Policies & Regulations

A product's level of sustainability is defined not only by how much water is used to make it, the type of material it is constructed from or its climate impact, but the amount of waste associated with it.

In the United States, the regulatory landscape regarding product sustainability is complex. Federal agencies, such as the Securities Exchange Commission (SEC) and the Federal Trade Commission (FTC) can influence how companies pursue product sustainability claims and initiatives. The FTC Green Guides detail what claims they can make about the environmental performance of their products and how these claims can be communicated. Companies involved in the chemical industry have reported annually to the U.S. Environmental Protection Agency since the 1970s under the Toxic Substance Control Act and other goverment regulations. As the concept of sustainability has grown, the scope of reporting efforts has as well.

Sustainable products involve more than just regulations mandating certain standards. Firms can, and do, play a major role in advancing sustainability by choosing to innovate their products through collaboration with partners to improve materials and techniques for production. When firms make choices that are more economical and environmentally friendly, they are able to showcase these efforts through sustainability reporting, which is spearheaded by the Global Reporting Initiative.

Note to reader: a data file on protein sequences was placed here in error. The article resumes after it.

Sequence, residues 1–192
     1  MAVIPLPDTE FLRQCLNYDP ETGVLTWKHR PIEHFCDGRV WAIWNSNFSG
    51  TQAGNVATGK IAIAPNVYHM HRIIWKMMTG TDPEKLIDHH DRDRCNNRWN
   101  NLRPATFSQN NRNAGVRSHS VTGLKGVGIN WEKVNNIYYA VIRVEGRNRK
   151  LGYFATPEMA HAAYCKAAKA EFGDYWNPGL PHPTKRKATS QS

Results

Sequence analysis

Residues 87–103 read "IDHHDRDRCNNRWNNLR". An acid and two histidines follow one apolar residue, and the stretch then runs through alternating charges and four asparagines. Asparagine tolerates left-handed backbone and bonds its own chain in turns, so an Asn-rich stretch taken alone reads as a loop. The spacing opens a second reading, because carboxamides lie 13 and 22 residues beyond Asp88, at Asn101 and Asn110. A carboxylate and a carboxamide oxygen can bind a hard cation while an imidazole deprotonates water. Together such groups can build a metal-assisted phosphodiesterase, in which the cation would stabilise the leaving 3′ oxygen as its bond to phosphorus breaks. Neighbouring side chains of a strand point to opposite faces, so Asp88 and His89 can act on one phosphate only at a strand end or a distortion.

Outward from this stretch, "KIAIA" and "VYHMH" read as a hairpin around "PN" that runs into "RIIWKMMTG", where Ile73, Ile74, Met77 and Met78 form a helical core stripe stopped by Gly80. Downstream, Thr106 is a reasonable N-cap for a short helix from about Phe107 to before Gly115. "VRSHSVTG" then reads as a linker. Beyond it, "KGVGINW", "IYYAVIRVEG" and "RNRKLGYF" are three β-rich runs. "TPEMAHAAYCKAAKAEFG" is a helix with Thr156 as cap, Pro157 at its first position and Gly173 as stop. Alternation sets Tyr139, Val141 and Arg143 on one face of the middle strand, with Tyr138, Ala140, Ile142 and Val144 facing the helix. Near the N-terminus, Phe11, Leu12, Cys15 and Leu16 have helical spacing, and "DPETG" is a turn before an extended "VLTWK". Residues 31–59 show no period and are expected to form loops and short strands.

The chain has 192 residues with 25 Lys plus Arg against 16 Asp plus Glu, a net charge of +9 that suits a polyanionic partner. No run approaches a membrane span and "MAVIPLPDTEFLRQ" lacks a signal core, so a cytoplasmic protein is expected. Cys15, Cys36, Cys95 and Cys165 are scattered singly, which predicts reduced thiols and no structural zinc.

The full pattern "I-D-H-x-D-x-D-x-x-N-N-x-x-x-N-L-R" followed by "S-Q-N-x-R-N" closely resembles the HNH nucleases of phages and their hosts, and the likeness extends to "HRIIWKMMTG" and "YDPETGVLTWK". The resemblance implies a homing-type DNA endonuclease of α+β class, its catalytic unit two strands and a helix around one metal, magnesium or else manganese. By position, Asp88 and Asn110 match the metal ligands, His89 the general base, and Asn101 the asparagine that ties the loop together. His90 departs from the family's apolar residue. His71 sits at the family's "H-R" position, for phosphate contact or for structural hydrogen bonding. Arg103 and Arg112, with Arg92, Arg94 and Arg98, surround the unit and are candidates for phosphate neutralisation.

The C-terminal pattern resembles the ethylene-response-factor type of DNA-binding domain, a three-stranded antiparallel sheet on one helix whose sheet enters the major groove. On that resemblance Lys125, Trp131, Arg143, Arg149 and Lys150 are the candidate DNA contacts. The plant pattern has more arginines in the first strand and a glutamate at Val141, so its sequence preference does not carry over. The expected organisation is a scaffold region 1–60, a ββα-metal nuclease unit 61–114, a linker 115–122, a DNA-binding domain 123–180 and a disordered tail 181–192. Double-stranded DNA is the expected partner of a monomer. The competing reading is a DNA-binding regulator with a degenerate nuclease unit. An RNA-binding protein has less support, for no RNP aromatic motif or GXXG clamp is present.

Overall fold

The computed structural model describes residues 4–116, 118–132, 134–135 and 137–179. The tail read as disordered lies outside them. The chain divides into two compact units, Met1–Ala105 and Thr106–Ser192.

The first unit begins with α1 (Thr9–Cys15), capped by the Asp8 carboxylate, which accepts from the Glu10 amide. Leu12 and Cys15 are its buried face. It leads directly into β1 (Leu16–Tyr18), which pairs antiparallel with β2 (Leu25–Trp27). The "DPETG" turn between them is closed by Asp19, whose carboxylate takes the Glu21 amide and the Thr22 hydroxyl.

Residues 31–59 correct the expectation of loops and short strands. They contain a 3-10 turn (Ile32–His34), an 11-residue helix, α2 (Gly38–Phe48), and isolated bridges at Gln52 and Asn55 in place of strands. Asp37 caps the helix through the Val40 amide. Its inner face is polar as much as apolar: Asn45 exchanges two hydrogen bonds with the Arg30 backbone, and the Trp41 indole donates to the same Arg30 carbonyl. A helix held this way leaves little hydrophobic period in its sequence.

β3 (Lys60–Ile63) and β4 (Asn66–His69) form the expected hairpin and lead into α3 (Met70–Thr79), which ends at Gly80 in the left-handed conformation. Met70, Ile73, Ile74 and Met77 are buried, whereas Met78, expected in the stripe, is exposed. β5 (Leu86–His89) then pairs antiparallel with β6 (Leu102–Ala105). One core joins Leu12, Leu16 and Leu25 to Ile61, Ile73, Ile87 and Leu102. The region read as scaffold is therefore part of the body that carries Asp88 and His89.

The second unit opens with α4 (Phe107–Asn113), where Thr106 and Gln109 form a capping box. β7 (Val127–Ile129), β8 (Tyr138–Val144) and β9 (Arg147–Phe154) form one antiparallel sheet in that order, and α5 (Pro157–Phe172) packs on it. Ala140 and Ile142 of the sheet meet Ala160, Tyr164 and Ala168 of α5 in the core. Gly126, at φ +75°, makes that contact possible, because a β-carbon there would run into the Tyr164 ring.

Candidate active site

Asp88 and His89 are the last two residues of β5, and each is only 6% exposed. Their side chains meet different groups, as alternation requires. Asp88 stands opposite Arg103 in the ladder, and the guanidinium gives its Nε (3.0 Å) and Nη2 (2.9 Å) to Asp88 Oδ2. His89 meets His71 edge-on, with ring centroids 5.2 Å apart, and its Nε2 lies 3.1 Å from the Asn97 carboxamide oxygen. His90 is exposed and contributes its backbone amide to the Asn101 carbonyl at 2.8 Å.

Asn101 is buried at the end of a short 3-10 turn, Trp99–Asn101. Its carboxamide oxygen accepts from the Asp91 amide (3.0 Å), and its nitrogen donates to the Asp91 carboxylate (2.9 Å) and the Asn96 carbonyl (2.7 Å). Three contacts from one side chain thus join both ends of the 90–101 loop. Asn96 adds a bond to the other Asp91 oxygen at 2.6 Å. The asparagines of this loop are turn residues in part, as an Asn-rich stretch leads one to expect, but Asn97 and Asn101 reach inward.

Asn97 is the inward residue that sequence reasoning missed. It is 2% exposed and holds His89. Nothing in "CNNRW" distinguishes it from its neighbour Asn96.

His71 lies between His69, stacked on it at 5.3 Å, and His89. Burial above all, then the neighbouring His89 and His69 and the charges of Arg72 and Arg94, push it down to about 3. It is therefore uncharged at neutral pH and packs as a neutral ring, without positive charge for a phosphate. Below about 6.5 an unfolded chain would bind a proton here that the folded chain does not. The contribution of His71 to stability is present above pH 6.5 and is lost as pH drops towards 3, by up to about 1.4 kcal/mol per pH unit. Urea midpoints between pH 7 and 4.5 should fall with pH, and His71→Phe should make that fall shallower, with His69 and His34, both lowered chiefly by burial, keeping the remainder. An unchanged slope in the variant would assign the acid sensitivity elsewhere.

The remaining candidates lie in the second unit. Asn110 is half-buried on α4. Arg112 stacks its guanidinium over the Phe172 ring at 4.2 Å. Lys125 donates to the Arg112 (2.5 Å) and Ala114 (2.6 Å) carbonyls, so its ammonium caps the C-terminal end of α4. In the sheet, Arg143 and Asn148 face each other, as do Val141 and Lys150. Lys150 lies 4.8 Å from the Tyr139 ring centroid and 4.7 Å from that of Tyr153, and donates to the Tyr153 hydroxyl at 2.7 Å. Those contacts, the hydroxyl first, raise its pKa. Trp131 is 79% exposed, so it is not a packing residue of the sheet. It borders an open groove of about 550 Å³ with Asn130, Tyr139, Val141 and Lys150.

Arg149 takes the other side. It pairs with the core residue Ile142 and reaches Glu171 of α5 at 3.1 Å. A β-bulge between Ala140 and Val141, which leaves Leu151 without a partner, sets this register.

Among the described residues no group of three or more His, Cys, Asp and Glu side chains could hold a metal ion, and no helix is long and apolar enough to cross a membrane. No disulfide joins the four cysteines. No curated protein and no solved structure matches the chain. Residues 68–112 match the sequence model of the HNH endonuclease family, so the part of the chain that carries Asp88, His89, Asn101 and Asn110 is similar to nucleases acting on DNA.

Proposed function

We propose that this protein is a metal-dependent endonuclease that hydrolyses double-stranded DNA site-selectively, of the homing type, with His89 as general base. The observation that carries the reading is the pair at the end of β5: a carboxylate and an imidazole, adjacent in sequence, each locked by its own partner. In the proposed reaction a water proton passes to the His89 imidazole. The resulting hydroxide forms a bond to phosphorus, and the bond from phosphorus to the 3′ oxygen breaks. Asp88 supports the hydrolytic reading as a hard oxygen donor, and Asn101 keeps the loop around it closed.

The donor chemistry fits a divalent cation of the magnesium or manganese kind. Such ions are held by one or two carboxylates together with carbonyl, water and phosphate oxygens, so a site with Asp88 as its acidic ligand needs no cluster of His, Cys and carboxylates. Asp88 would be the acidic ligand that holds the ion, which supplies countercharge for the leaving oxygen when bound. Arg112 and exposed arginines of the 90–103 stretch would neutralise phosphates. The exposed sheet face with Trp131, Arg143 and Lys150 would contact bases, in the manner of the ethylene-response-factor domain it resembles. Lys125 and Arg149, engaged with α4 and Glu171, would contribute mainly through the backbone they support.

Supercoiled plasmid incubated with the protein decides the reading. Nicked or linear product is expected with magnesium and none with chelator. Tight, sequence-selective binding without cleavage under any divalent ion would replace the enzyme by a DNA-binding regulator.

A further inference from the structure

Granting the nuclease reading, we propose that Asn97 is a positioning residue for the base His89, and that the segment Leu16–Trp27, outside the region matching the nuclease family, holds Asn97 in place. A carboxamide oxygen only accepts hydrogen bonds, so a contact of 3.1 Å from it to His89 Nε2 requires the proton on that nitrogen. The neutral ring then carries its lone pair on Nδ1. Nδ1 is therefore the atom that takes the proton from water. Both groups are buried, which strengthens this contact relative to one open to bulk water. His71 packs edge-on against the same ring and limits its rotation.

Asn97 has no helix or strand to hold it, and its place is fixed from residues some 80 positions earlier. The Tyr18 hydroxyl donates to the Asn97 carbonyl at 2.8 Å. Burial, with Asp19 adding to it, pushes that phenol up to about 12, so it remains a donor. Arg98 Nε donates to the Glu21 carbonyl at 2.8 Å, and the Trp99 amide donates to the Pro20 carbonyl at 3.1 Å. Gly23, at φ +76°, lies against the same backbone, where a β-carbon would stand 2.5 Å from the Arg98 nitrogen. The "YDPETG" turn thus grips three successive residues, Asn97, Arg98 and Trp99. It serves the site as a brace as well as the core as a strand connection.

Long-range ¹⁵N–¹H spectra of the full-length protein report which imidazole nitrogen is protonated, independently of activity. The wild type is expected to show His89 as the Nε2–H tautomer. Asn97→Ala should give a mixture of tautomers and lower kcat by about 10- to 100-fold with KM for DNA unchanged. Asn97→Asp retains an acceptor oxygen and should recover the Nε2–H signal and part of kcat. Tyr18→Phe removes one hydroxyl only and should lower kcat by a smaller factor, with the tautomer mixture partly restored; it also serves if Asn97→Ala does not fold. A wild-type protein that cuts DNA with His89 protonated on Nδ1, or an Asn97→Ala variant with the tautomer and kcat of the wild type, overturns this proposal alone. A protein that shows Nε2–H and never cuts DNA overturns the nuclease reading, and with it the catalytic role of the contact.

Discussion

Research by the Duke Center for Sustainability & Commerce at the Nicholas Institute for Environmental Policy Solutions seeks to identify areas of inefficiency in firm operations and help them make changes in their operational procedures. We are currently focused on both government driven initiatives taking place at the state, federal and international levels as well as industry-led initiatives for reporting throughout the supply chain.